Mutual funds may be just the thing for you. Then again, they can be obscenely expensive. So, if you have even the slightest interest in a simple alternative -- not to mention more money -- you might want to read this.
I want what's coming to me!
With the exception of local property taxes, no mechanism I’ve encountered picks our pockets more efficiently than the U.S. mutual fund industry. And yes, that includes the IRS.
Think about it. Uncle Sam takes a piece of every penny you earn, but your mutual fund manager is worse. He's not satisfied with his cut of what your money earns each year (we'll assume for now that he makes you money). No, your fund manager wants more -- much more.
When I show you how much more, you may not believe it, so let's warm up with a quick example. Step back with me to 1991 ...
Wahoo! My fund manager's a genius!
The economy is stagnant. Saddam Hussein is rattling his saber, and President Bush assures us this won't stand. And you just dumped 10 grand into a mutual fund. Good times.
Fortunately, your fund manager doesn't buy the gloom and doom, and he doesn't buy diversification, either. He buys technology. So he rolls the dice on just four up-and-coming growth stocks.
You hit paydirt! Now, it's New Year's Day 2001, and just look at what's become of your $10,000 stake ...
(Nasdaq: AMGN): $48,909
(NYSE: DNA): $26,348
(Nasdaq: SCHW): $192,344
(Nasdaq: ERIC): $37,101
Happy New Year to you! You're sitting on about $304,000! But wait. Mutual funds have a price. It may be higher than you think.
Surprise! Your $10,000 isn't worth $304,000
You see, assuming your fund manager hits you up for a 2% fee (not cheap, but hardly unheard of), you would owe him about $6,000. That seems fair enough. After all, the fellow just made you $304,000. But there's a catch.
That $6,000 is for the last year alone. You've been paying out every year along the way. In fact, by New Year's Day 2001, you'd have paid out more like $17,000 in fees, and the lost profits on those fees would have cost you a lot more -- another $50,000 or so. And that's over 10 short years.
All told, that's about $50,000 you've paid out, but it gets worse. Imagine if you'd invested $20,000 instead of $10,000. You'd be paying twice as much! And what do you get for all that extra money -- for paying twice as much? Not a darn thing, as far as I can tell.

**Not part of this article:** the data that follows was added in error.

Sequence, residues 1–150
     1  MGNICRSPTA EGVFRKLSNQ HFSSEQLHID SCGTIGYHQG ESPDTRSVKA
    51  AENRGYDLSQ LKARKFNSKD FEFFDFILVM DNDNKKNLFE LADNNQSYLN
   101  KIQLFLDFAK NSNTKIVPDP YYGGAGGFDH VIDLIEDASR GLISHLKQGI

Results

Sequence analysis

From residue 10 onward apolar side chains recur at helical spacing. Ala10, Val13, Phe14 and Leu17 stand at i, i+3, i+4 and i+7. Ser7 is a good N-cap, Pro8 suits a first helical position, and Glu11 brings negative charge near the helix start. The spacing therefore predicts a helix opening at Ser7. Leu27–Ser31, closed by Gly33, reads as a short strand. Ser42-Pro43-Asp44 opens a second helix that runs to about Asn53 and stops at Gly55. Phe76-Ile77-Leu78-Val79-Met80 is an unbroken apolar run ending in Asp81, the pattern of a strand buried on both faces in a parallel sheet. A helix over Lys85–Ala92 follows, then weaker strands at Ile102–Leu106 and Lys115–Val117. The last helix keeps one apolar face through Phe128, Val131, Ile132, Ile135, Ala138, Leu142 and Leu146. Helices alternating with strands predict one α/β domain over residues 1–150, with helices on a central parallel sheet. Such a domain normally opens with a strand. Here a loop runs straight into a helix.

Oh, yes, it gets worse still
Now, what if it turns out you're paying for very little? I mean, let's face it -- you're not going to buy into a miracle fund like the one I just described. Your fund manager won't be a genius. More likely, he'll be an Ivy League MBA looking to keep his job and follow the herd -- or worse.
Don't believe me? Check out a list of the most widely held institutional stocks. I'll spare you the trouble: You won’t find a lot of surprises -- mainly just a lot of Comcasts
Worse, even if your manager did stumble on a stealth bomber like game developer Activision
Most mutual funds turn over their entire portfolios every year. So, more likely, he bought and sold it many times over. You guessed it: In addition to the outrageous annual fee, you'd have gotten murdered on taxes and transaction costs.
And it gets worse ...
Because here's the thing. In any given year, the IRS can tax you only on what you earn that year. When you invest your money in a mutual fund, your fund manager takes a cut of everything you have ... year after year after year.
Worse, your manager might not only fail to keep pace with the market in any given year (remember, most do), he or she might actually lose you money. Yet, even if you don't make a penny in year 11 of our previous example, you'll still have to hand over another few thousand dollars.
If you ask me, that bites. Yet for all that, you may still have no interest in researching stocks -- even with the help of someone you can trust. If so, mutual funds may be the only game in town. It definitely beats staying out of stocks over the long haul, but you can agree that it's a broken model.
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This article was originally published June 13, 2006. It has been updated.
Fool writer Paul Elliott doesn't own any of the stocks mentioned. Schwab and Activision are Motley Fool Stock Advisor picks. Pfizer is an Inside Value choice. You can see all of David and Tom's Stock Advisor recommendations, including Charles Schwab and Activision, on their scorecard instantly with your free trial. The Motley Fool has a disclosure policy.